Home' Trinidad and Tobago Guardian : March 20th 2014 Contents B44
Guardian www.guardian.co.tt Thursday, March 20, 2014
For further information please call 675-7034 ext. 240
If so, please be advised
that you must be authorized
by the Tourism Development
Company Limited (TDC)
DISCLAIMER: The Tourism Development Company Limited (TDC), its employees, agents or subcontractors shall not be liable for any injury to
any campers at our facilities or for damage to the property of any campers. Campers must indemnify the TDC and keep the TDC indemnified
against all losses, demands, actions, proceedings, damages, costs or expenses or other liability arising from their use of our facilities.
EASTER CAMPING PACKAGE is Inclusive of:
A designated area for camping activities
A secured parking lot
24-hour use of car park and restroom facilities
24-hour ambulance service
Garbage disposal unit
Briefing and training session for campers
CAMPING PERMIT FEES:
Standard caution fee of $500.00 per group.
A maximum of five persons per group
Registration fee of $150.00 per person
Fees are for the entire camping period or part thereof
Children under 10 years old are FREE of charge
Registration will take place at the TDC Head Office:
Level 1, Maritime Centre, #29 Tenth Avenue, Barataria
Proof of Identification must accompany each
application form for both adults and children
The deadline for registration is:
Friday 21st March, 2014 at 3:30pm
INFORMATION TO NOTE:
Camping Dates and Times:
12:00pm Thursday April 17th -- 12:00pm Tuesday 22nd, 2014
All fees must be paid in cash
The caution fee is compulsory and will be refunded once
there is no damage/degradation to the facility and the
The TDC reserves the right to deny admission
No pets allowed
Persons found camping outside of the designated camping
area will be asked to vacate the area immediately
There are a limited number of spots available so book early
Camping at Maracas or
Las Cuevas Beach
for the Easter
In an effort to decrease the negative environme
persons to participate in its Regulated Camping
Children whose mothers pay close attention to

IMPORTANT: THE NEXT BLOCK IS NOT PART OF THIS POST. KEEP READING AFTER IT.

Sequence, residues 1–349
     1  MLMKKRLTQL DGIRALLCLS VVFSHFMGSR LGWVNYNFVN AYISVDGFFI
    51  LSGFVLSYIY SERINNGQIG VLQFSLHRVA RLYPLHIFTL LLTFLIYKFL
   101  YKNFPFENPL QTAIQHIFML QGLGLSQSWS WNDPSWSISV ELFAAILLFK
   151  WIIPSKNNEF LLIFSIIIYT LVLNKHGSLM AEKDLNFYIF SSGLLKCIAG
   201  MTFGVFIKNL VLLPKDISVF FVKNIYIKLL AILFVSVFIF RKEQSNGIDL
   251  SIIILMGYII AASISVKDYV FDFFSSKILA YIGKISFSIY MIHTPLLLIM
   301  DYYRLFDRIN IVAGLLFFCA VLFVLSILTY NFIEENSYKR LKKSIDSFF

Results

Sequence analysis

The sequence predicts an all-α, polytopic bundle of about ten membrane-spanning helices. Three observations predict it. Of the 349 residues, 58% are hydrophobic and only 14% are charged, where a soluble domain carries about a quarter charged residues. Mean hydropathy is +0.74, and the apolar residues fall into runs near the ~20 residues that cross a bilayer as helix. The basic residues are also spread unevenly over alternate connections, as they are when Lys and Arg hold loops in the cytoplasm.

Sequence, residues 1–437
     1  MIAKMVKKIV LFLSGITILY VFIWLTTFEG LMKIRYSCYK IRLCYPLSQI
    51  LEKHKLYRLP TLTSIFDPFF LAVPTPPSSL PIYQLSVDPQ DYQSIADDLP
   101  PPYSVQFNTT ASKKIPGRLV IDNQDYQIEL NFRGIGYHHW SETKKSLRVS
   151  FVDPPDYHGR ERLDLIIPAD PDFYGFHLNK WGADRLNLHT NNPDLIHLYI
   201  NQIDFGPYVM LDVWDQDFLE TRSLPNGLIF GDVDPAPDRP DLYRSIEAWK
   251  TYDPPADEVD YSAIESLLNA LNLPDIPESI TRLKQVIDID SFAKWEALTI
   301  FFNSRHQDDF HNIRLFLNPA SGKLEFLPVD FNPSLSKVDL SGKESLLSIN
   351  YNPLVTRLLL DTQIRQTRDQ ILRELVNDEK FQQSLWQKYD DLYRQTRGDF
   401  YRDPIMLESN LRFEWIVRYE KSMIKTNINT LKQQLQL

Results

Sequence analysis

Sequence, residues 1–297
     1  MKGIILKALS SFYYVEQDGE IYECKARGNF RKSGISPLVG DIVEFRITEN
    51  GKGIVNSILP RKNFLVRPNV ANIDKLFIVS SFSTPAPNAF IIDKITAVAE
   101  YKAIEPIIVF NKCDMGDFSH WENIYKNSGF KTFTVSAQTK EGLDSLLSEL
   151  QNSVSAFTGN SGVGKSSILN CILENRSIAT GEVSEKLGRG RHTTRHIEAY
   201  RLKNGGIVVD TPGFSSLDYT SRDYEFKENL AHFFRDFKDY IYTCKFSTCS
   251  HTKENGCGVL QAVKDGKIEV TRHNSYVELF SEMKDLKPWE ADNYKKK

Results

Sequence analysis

how much time they spend watching TV and playing
video games tend to weigh less, according to a new
Researchers found that mothers who were more
active in their media supervision had children who
were thinner at age seven and who gained less weight
over the next few years.
"At this point we can say there is an association
but we cannot say exactly why," Stacey Tiberio, the
study s lead author from the Oregon Social Learning
Center in Eugene, told Reuters Health.
For example, she said the results could be due to
vigilant mothers encouraging their children to be more
active instead of letting them watch TV.
It could also be that their kids aren t spending as
much time being exposed to food advertisements.
The researchers write in JAMA Pediatrics that under-
standing the role of parental media monitoring is
crucial in the development of obesity programmes
For the new study, they used data from 112 mothers,
103 fathers and their 213 children.
Parents and children answered questionnaires, were
interviewed and received physicals when the kids were
five, seven and nine-years-old. The data were collected
between 1998 and 2012.
The researchers found that when mothers reported
spending less time monitoring their kids media con-
sumption, kids tended be heavier at seven years old.
What s more, less aggressive media monitoring by
mothers was tied to more irregular weights among
children over the entire study period.
Monitoring by fathers was not tied to changes in
Tiberio said that may be because mothers tend to
be children s primary caregiver.
She also cautioned that these are only the results
of one study.
But she said showing a link between TV monitoring
and weight in this group is important, because early
adolescence tends to be a crucial point for many people
"It s basically a one-way door," Tiberio said. "If
you are obese by middle childhood, you have an
increased likelihood of staying in that group."
Jennifer Falbe, who was not involved with the new
research but has studied screen time and its connection
to weight, told Reuters Health the new study supports
"What they found is consistent with the American
Academy of Pediatrics recommendation to limit chil-
dren s total screen time to no more than one to two
hours per day of high quality content," she said.
Falbe is a researcher at the University of California,
Berkeley School of Public Health.
"Parents should keep TV sets and other electronic
media out of children s bedrooms," she said. "Research
has also indicated that parents own TV viewing habits
can influence their children.
"In addition to limiting their children s screen time,
it s also important to set a good example."
to kids' weight
YOUR DAILY HEALTH
News and advice
kids tended be
heavier at seven
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